The Dolomite mountains in Northeastern Italy are one of my favorite destinations for our tours, with cycling holidays in the summer time and skiing in the winter. Selva di Val Gardena is one of the larger resort towns, a ski resort town, but closely located to some of the classic Dolomite climbs popular with cyclists. Many quaint, well maintained Tyrolean chalets nestle in the valley against a backdrop of the spectacular peaks of the Sella massif.
Hotel Freina is just one of these picturesque Tyrolean chalets, located a short walk from the ski lift. You can book a room for a ski holiday or summer hiking escape, but even if you stay elsewhere, its restaurant is worth a visit.
Run by the Kostner-Senoner family, the staff was friendly and welcoming. I enjoyed a very leisurely lunch here in the off-season, one of the few spots that was open. They offer some wonderful local dishes, traditional Dolomite fare like canederli, lots of mushroom dishes, and several local cured meats. Several fresh homemade pasta dishes are available, as well as a large variety of beef and pork options. A six-course tasting menu that is offered nightly for 52E provides a great way to get a feel for a variety of local tastes. Each Wednesday they feature traditional Tyrolean cuisine. Tuesday and Thursday a special fish menu is available, with seafood risottos and fish like branzino and orata, fresh from the Adriatic. Some are served simply, with potatoes and spinach; others with an artichoke crust and semolina gnocchi.
I began with a glass of Kerner from Eisacktaler Kellerei. This is one of my favorite whites from Alto Adige, one difficult to find elsewhere, an incredible fragrant white with flavors of peach and almond, and a nice acidity to balance the fruit.
I opted to try several of the most typical Dolomite dishes. A nice option for those who, like me, have difficulty deciding between many antipasti options is the Antipasto delle Dolomite. This included speck tirolese (smoked and cured ham), prosciutto del contadino, which is a local prosciutto, and prosciutto di cervo, a local venison prosciutto. Local cheeses were advertised, but I don’t think brie is local here! My one disappointment with the dish. These were served with a bit of horseradish, shaved butter, and cornichons. A couple of porcini bruschetti topped it all. Plenty here for two.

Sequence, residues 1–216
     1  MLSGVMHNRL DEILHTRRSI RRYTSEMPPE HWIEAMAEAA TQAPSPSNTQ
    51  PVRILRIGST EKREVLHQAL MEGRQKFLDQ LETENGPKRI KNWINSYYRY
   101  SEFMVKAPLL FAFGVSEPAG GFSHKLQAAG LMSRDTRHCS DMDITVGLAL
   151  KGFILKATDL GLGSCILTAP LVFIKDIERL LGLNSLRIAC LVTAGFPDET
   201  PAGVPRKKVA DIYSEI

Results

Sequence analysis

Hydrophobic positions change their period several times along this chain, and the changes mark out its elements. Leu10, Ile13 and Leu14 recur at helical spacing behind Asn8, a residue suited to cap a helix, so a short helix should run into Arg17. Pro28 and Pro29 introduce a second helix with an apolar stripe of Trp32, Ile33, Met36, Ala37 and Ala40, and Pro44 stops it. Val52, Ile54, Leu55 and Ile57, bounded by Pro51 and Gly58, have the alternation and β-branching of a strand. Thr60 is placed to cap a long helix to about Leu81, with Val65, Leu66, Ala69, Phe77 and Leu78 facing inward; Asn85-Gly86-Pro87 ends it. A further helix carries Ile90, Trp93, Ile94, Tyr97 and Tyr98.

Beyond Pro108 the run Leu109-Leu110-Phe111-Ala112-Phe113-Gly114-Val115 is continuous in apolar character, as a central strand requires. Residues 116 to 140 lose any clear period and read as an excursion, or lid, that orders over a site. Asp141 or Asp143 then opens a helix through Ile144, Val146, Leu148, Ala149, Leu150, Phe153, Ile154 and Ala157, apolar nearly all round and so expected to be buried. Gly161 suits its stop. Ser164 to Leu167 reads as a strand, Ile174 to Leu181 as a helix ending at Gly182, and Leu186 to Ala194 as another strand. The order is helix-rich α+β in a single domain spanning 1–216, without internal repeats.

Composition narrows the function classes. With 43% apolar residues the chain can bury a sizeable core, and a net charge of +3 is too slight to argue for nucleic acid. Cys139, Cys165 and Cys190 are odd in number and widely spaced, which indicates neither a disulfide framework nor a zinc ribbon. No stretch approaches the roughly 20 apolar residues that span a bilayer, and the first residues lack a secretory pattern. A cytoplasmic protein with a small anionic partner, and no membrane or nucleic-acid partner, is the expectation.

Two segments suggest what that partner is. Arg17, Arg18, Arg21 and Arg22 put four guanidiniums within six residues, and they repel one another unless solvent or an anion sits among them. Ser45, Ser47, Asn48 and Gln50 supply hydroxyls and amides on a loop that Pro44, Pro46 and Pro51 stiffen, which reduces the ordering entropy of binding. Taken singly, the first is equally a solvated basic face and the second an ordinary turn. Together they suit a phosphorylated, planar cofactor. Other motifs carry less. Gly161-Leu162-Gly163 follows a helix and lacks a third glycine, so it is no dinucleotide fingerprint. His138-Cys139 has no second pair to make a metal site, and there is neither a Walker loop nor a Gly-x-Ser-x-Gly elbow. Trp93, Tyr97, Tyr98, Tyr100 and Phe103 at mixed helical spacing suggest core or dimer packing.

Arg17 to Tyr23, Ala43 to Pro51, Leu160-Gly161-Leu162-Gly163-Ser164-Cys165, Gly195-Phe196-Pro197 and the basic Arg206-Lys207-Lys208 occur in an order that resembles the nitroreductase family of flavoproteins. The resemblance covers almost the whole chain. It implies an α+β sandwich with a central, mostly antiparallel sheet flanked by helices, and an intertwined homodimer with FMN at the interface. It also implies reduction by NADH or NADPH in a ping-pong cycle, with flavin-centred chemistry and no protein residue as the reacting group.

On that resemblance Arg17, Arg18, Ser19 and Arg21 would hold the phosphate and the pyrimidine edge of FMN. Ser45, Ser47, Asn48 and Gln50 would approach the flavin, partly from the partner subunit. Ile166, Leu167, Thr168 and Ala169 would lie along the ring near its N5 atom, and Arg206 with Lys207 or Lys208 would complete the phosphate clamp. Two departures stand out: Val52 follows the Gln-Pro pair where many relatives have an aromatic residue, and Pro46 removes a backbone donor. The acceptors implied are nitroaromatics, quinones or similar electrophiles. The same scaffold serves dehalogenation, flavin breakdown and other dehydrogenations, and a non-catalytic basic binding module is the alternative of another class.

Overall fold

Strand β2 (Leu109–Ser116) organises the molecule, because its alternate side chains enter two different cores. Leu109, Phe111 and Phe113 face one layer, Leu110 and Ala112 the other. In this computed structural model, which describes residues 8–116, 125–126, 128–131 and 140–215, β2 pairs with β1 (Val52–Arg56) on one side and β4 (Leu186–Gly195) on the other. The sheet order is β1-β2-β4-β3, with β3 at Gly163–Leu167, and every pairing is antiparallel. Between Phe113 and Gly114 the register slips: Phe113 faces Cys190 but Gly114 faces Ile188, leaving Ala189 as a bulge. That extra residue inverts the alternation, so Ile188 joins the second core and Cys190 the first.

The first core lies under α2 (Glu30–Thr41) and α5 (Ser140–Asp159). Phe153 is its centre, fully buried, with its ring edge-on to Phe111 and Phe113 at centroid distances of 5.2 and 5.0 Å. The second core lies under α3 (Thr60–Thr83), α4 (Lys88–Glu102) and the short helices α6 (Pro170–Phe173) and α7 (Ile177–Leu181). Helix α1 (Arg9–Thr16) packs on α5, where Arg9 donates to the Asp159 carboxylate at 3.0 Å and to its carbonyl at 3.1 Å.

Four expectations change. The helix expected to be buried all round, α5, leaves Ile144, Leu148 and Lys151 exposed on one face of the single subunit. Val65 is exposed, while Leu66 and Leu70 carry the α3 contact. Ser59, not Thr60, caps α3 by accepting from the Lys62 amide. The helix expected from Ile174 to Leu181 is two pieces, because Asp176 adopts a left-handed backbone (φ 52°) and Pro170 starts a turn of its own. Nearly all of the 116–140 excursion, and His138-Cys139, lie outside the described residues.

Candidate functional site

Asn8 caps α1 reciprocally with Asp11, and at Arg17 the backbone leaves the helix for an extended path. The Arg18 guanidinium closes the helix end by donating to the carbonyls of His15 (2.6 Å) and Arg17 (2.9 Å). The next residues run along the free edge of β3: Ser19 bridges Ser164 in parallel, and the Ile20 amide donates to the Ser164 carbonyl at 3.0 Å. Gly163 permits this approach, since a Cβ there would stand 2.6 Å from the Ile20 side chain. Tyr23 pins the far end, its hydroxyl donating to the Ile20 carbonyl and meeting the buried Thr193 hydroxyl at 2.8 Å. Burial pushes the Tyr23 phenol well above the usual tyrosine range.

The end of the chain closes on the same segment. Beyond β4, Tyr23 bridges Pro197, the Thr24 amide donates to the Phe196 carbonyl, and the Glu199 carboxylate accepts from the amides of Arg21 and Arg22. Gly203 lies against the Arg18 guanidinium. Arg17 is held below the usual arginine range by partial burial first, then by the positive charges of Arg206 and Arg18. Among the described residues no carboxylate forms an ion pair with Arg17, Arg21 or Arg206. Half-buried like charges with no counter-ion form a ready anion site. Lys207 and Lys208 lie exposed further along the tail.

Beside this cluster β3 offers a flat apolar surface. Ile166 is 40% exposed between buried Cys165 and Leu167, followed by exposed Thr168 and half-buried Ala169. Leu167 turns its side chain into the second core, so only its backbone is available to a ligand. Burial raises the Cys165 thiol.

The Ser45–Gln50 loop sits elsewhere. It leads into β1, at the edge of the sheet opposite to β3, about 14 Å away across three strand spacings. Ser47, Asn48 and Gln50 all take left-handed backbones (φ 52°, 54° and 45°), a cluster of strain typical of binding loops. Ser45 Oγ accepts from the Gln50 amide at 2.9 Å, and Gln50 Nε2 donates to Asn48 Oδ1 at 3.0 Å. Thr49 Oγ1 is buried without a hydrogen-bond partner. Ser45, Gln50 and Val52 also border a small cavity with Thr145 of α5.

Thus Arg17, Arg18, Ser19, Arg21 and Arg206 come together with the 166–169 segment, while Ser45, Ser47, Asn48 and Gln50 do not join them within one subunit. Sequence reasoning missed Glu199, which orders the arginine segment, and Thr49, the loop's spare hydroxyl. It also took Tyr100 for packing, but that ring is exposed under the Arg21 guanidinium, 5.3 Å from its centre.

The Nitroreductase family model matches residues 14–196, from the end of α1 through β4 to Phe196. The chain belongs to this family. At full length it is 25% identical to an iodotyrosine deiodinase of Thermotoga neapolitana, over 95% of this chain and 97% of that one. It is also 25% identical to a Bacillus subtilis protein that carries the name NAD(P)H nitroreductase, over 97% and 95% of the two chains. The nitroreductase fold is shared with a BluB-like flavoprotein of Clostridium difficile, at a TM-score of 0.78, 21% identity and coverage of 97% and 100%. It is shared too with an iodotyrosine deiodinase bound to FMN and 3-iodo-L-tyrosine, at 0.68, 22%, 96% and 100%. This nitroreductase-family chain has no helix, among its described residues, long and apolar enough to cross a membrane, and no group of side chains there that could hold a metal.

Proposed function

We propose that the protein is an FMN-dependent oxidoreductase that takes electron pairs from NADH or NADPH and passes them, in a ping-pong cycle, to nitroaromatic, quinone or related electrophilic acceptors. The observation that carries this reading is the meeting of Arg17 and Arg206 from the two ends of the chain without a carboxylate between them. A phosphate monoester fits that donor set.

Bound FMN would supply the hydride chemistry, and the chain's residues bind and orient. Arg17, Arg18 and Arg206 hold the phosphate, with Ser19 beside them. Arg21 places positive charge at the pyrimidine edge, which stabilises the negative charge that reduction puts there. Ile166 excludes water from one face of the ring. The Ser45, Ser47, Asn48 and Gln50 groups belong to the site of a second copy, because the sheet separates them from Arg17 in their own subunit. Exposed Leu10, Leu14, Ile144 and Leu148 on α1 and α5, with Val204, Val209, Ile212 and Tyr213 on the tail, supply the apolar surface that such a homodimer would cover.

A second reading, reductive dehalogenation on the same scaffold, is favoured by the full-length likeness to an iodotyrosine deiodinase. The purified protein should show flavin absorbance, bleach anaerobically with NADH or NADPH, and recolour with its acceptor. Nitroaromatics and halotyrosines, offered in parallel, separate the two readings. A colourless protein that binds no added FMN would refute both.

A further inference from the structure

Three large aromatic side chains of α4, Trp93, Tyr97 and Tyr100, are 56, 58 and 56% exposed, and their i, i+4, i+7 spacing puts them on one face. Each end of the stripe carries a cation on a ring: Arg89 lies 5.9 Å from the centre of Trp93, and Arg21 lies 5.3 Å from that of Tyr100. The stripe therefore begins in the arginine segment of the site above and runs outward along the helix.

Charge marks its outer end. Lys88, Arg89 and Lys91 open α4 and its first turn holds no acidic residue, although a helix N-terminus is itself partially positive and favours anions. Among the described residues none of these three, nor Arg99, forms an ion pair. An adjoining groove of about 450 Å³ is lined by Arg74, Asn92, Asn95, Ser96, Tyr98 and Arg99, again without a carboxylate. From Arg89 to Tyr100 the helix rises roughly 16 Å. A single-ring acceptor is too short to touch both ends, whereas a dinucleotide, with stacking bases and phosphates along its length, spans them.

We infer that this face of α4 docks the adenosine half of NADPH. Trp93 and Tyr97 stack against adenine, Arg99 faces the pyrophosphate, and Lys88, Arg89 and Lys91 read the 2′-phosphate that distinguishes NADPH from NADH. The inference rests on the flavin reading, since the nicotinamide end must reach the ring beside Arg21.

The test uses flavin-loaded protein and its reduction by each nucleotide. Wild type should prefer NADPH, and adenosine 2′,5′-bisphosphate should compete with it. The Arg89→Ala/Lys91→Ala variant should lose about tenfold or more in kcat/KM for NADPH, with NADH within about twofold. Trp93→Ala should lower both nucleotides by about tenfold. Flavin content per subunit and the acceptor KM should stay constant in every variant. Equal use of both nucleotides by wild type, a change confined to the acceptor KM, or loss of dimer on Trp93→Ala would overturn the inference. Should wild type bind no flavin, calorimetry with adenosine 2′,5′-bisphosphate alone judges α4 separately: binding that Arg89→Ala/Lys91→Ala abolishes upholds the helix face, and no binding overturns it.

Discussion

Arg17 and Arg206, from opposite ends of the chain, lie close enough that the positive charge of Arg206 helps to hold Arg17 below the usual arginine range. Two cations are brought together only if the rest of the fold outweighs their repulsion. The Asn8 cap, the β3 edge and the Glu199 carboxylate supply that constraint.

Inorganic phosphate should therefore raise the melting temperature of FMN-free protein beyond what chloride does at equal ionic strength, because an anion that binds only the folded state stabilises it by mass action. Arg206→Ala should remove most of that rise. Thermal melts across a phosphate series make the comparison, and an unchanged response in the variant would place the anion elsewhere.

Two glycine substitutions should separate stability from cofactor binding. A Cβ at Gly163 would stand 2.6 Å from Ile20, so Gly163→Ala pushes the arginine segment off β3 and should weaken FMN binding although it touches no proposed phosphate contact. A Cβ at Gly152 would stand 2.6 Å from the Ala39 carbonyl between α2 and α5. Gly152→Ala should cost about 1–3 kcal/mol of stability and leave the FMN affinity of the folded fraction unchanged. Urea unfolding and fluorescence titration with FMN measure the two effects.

My next course was Filettini di maiale con gallinacci, spatzle al burro, e verdure. This was pork filets with chanterelles, served with spatzle and sauteed vegetables. The pork and mushrooms was served in a small saute pan, with a nice pan sauce. The spatzle and vegetables - carrots and zucchini - were served on a separate plate, again a generous portion. The filettini and chanterelles was wonderful, with plenty of spatzle to mix in with the pan sauce. I also appreciated having the vegetables included; even as simple as these were, rather than having to order the additional contorni.
I chose a Teroldego Rotaliano from Cantina Teroldego, a red that only grows well in a small area outside of Trentino. The Hotel Freina offers a nice selection of wines, with many local varietals available both by the bottle as well as the glass, with Schiava, Lagrein, Kerner, Gewurztraminer varietals, and quality producers like Elena Walch, Hofstatter, and Lageder.
I saved room for the desserts, all made in house. Here was my chance to try a canederli. These dumplings are a very traditional dish which I’ve enjoyed many times, but I’d never tried a sweet version. My dessert was Canederli di nougat ben guarneto, canederli stuffed with a nutella type nougat with a scoop of hazelnut ice cream. Very attractive, and very good - and again a generous portion with three good sized canederli. My waiter recommended a very special passito dessert wine, and his succession was perfect - a glass of Roen, a blend of gewurztraminer and riesling from Cantina Tramin, a winery I visited last June.
My waiter also suggested I end my meal the true Italian way, with an espresso and a small grappa. He hadn’t steered me wrong yet.